She’s Gone. She’s Never Coming Back. She’s Dead.
Is it better to forget who we were?
In book three, Detective Cris Steele struggles to overcome the mental and physical remnants of being buried alive and left for dead, in addition to her traumatic childhood. After getting thrown back to a life she didn’t want to return to, Cris feels compelled to visit her childhood home for unfinished business. She dreads unleashing the inescapable PTSD and suicide demons, especially in front of her co-worker, Detective Pete Bryan. With greater difficulty, Cris tries to keep up the armor she previously wore while at war with her mind and emotions. Although she persists in fighting to return to her old ways, Cris is relentlessly reminded they are never coming back.
Is it possible to open up and forgive the unforgivable?
Remembering the advice of her dad and husband, Cris continuously grapples with opening up to both Chief Bolton and Detective Bryan. Even more difficult, is Luke’s request for understanding and forgiveness of a murderer. Cris becomes obsessed wondering if visiting the house of the killer could help change her perspective. Mere days before having to give testimony at his trial, she decides there’s only one way to find out.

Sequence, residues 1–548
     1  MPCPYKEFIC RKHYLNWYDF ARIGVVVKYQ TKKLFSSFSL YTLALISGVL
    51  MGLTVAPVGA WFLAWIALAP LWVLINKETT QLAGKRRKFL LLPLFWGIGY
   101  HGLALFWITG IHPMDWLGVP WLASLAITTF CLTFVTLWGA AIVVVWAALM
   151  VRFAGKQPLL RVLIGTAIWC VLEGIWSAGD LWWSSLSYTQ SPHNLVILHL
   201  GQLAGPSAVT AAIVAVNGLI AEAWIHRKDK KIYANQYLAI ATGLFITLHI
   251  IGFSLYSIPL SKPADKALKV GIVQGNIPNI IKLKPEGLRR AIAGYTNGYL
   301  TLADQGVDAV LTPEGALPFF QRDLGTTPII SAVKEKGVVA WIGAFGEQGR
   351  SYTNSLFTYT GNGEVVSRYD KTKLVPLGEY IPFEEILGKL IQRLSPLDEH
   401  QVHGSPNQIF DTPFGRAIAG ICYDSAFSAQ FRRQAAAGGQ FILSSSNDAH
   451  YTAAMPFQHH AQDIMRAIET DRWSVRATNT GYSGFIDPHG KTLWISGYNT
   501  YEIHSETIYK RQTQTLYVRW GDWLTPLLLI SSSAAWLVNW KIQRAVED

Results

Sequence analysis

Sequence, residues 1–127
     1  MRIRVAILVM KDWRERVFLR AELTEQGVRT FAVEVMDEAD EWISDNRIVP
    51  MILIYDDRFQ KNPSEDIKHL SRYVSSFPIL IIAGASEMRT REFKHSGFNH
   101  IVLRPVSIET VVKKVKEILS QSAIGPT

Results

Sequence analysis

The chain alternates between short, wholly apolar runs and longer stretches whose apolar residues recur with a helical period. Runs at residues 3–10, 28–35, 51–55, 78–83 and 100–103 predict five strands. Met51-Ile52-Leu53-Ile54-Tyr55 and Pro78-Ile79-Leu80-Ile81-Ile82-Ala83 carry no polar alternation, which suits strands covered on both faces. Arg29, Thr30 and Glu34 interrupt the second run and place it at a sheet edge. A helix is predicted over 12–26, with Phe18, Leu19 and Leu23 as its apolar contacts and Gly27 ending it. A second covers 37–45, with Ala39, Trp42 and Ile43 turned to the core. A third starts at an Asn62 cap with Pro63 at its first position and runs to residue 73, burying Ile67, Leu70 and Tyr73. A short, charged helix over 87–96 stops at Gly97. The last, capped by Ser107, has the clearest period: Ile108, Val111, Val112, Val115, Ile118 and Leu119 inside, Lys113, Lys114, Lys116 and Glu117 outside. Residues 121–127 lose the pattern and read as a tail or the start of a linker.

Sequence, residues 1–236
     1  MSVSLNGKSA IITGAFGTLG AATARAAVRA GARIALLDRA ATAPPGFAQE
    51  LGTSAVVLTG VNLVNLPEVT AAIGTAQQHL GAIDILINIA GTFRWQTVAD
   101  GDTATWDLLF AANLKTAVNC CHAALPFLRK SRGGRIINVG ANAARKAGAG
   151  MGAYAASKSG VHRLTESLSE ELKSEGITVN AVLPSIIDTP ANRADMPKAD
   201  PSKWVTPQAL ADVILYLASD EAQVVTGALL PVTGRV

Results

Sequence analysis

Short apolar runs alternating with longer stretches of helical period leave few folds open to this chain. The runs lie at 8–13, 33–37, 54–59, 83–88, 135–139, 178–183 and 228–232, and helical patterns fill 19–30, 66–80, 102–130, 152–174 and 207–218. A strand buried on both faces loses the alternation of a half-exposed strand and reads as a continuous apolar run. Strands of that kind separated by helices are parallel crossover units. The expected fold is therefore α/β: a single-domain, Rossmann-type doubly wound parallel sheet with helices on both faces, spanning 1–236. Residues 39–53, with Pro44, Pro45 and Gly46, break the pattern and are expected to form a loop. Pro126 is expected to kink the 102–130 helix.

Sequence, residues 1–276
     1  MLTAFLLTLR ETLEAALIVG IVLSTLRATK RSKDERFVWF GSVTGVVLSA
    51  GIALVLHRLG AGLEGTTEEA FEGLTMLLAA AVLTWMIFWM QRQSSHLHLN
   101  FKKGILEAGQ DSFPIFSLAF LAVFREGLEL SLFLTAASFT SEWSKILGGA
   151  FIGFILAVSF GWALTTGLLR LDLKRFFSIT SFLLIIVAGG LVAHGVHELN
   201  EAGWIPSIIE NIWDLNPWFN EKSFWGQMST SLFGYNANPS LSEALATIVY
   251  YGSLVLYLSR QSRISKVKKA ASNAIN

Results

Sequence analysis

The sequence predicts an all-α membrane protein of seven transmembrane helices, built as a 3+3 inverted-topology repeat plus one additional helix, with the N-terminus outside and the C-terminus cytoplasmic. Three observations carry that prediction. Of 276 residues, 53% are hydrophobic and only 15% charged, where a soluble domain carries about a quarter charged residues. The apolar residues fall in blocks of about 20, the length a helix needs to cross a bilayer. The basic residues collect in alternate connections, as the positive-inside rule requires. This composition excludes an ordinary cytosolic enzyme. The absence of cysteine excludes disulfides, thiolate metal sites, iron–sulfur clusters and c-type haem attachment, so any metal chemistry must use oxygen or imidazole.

What is really awaiting us in the dark?
Suddenly no longer an ally with the dark, Cris now feels vulnerable. Unease settles as the sun sets, afraid of being alone and getting attacked again. Shadows and figures move that only she can see and noises only she can hear. Cris feels abandoned now that she no longer sees her dad or Luke and the possibility of returning to work seems daunting with Chief gone. While she used to enjoy solitude and shutting people out, now she experiences true loneliness, and even fear, in the depths of her soul.
Can Cris accept her newfound and unwanted life, or will she always be Remembering Steele?
Cris fights with her inner turmoil between her former self which she keeps trying to get back to, and who she is now as a result of being beaten and buried alive. With disabilities she is unable to hide and the new vulnerabilities and insecurities she is left with, she tussles with the realization that instead of remembering, she needs to forget the Cris Steele she used to be.
Follow Cris on her journey of discovery and recovery in Remembering Steele.
The Past is Gone. The Present is Purgatory. The Future May Never Come.